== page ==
Informed written consent was obtained from parents and assent was obtained from the students prior to administering the questionnaire. Ethical clearance was obtained from the ethics review committee of the Faculty of Medicine, University of Kelaniya, Sri Lanka.
In assessing the responses of adolescents to tobacco-promotional activities, the students who had previously been offered free cigarettes by someone working for a cigarette company or who had been offered gifts displaying a tobacco logo were asked about the way/ways in which they had responded. Those who had not experienced these situations were requested to indicate the likely way/ways in which they would respond. The sudents were also asked whether they had carried out any activities in school against tobacco promotion.
In the analysis, the questions on knowledge of activities promoting tobacco were awarded one mark each if the responses were accurate, while each inaccurate response was awarded a zero mark. The maximum score was 15 and the minimum score was 0. A score of 8 or more was used to categorize the adolescents as having a “good” level of knowledge of activities promoting tobacco, while a score of less than 8 was regarded as a “poor” level of knowledge. The decision to use this cut-off score was based on the areas of knowledge considered to be “must know” by a group of experts on tobacco control in the country.
When assessing the overall exposure to activities promoting tobacco, responses to questions were allocated a weighted score, with a higher exposure status allocated a higher score. Applying a predetermined cut-off score of 7 to a range of scores from 0 to 15, the students were categorized as having a “high” or “low” level of exposure. The decision to use this cut-off score for responses was based on the consensus of a group of experts on tobacco control in the country.
The questions regarding how each adolescent responded to exposure to activities promoting tobacco or would respond to such activities in the future were analysed using a system of weighted scoring in which assertive responses were given a higher score. The maximum score possible was 14 and the minimum score was 0. Using a pre-agreed cut-off score of 7, the adolescents were categorized as having an “assertive” response (a score of 7 or more) or a “nonassertive” response (a score of less than 7).
Factors were cross-tabulated to the two levels of knowledge on tobacco-promotional activities and their associations were assessed using univariate analysis and multiple logistic regression analysis to determine factors adjusted for confounding effect. Sex, ethnicity, religion, level of education of both the mother and the father, engagement in extracurricular activities, type of school, status of smoking, and responses following exposure to tobacco-promotional activities were the factors assessed for their association with knowledge. A P value of 0.05 was used to determine significance.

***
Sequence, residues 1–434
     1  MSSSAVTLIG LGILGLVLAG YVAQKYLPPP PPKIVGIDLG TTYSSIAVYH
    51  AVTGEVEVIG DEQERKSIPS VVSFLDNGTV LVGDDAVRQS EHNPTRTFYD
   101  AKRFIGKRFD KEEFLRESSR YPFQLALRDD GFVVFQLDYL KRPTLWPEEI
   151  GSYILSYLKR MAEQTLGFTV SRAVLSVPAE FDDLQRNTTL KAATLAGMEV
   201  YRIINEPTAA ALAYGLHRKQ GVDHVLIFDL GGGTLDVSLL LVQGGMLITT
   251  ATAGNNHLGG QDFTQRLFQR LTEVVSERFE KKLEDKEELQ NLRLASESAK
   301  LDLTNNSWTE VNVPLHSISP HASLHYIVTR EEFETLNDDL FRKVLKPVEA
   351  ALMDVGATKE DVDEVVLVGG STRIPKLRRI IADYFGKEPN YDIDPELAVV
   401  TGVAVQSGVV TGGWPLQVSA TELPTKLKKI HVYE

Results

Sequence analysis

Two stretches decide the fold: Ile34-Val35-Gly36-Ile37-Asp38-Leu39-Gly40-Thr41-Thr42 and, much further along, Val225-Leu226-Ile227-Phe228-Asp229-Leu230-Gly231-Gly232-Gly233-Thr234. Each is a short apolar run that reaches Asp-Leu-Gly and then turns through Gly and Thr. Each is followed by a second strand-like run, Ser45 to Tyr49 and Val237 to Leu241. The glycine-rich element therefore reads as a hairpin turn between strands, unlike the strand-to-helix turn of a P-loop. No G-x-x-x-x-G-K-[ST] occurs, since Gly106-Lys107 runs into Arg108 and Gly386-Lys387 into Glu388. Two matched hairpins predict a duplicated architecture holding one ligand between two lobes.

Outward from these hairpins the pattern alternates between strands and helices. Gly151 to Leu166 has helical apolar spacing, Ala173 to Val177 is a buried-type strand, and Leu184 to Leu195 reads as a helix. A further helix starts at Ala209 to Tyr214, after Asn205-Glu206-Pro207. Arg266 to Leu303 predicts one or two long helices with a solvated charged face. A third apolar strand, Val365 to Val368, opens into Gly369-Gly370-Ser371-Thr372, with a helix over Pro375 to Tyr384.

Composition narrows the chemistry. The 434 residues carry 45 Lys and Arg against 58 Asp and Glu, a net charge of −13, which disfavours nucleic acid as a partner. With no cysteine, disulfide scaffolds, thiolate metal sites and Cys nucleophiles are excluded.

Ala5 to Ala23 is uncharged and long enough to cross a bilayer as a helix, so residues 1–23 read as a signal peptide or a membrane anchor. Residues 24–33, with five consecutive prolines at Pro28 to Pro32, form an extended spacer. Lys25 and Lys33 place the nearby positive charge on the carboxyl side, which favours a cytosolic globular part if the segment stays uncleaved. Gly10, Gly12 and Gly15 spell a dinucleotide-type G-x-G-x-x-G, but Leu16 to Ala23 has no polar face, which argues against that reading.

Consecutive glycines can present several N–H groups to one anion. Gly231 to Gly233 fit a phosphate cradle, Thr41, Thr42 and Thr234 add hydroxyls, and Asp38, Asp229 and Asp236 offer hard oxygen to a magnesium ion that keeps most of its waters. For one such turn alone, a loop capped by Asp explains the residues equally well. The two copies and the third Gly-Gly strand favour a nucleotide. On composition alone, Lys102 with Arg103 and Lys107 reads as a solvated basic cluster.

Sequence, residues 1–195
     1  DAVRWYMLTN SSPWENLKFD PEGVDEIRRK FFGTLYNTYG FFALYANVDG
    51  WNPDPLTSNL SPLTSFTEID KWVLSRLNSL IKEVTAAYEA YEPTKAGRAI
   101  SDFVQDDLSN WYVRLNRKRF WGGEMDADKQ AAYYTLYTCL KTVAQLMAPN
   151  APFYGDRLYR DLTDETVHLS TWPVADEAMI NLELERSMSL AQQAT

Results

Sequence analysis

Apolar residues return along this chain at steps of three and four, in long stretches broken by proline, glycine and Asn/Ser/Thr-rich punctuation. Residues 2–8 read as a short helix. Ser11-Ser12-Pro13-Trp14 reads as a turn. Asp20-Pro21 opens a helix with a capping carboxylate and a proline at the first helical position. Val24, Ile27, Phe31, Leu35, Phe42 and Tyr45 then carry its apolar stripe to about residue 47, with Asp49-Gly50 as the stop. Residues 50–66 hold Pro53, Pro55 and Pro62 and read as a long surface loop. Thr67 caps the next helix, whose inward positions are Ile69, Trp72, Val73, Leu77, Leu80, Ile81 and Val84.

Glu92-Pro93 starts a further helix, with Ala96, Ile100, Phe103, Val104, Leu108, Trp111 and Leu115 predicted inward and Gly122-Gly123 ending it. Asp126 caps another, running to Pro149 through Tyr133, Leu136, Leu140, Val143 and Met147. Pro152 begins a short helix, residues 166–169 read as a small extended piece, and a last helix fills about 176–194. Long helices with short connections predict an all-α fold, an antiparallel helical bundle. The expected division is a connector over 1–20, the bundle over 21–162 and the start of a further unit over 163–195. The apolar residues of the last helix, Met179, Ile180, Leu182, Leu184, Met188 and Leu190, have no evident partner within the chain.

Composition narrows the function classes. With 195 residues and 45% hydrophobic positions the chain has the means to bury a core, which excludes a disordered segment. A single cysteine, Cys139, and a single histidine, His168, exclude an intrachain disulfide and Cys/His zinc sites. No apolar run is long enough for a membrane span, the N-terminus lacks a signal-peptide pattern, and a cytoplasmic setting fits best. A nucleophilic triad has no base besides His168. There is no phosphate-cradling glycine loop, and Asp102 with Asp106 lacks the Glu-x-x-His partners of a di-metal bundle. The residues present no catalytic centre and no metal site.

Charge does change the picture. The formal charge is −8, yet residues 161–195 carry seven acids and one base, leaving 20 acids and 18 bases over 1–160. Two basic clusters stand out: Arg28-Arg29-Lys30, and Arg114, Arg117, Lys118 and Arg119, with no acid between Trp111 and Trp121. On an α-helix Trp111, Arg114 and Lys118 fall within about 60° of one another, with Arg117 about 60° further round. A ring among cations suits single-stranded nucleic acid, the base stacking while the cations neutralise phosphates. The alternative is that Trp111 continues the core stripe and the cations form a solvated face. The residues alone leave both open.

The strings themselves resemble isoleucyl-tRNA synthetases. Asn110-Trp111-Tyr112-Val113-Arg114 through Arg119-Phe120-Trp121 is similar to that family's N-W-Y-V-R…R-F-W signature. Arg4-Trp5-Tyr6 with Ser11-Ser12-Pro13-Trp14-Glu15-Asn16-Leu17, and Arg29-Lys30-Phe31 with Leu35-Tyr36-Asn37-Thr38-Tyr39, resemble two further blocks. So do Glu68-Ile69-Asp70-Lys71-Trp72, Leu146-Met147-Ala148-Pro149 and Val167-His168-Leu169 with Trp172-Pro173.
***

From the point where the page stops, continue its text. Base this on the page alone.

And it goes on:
| Results|| |
The study included 498 adolescents, following a response rate of 99.6% (498/500). The mean age of the study participants was 14.9 years (standard deviation ±0.37). The sample comprised a slightly higher proportion of females (n = 280, 56.2%). The majority (82.5%, n = 411) were Sinhalese and were living with their parents (n = 457, 91.8%). Most (68.9%, n = 343) participated in either sports or school clubs, or both. The percentage of current smokers was 3.2% (n = 16).
Knowledge of tobacco-promotional activities among adolescents
Adolescents were questioned regarding the current laws in the country relating to tobacco-promotional activities (see [Table 1]).
|Table 1: Distribution of the study population by their knowledge on laws to control tobacco-promotional activity in Sri Lanka|
Click here to view
The majority of the adolescents (89.4%, n = 445) were aware that selling cigarettes to anyone below 21 years of age was against the law. The next most commonly known law was the prohibition of tobacco advertisements (52.4%, n = 261). The least-known law was prohibition of free distribution of tobacco products (0.6%, n = 3). It was noted that more than a quarter of the adolescents had responded “do not know” for six of the eight aspects related to law on which they were questioned.
The study population was also questioned about awareness of promotion strategies used by the tobacco trade (see [Table 2]). About half were aware that using social media (51.6%, n = 257), using incidents of smoking in electronic and printed media in a manner in which the habit is glamorized (53%, n = 264), and paying famous individuals to smoke in public (50%, n = 249) are used as tobacco-promotional activities. Approximately half (51.2%, n = 255) of the study population had “poor” knowledge of tobacco-promotional activities.
|Table 2: Distribution of the study population by the awareness of promotion strategies used by the tobacco trade|
Click here to view
Exposure to tobacco-promotional activities among the adolescents
The adolescents were asked about their exposure to tobacco-promotional activities (see [Table 3]). A substantial proportion of study participants (41%, n = 204) were exposed to “a lot” of media messages promoting tobacco smoking, on television, radio, billboards and posters, and in newspapers, magazines and movies, during a period of 30 days preceding the study. Three quarters of the study participants (74.3%, n = 370) had at least sometimes witnessed messages on tobacco promotion at sports events, fairs, concerts, community events or social gatherings, during the period of 30 days preceding the study, while approximately half of the students (47.64%, n = 236) had frequently seen actors smoking in television programmes, videos or movies. More than half of the study participants (63.3%, n = 315) claimed that they had not come across any cigarette brand names when they watched sports events or other programmes on the television during the period of 30 days preceding the study, while approximately half (46.6%, n = 232) had seen “a few” advertisements or promotions for cigarettes in newspapers or magazines during the period of 30 days preceding the study.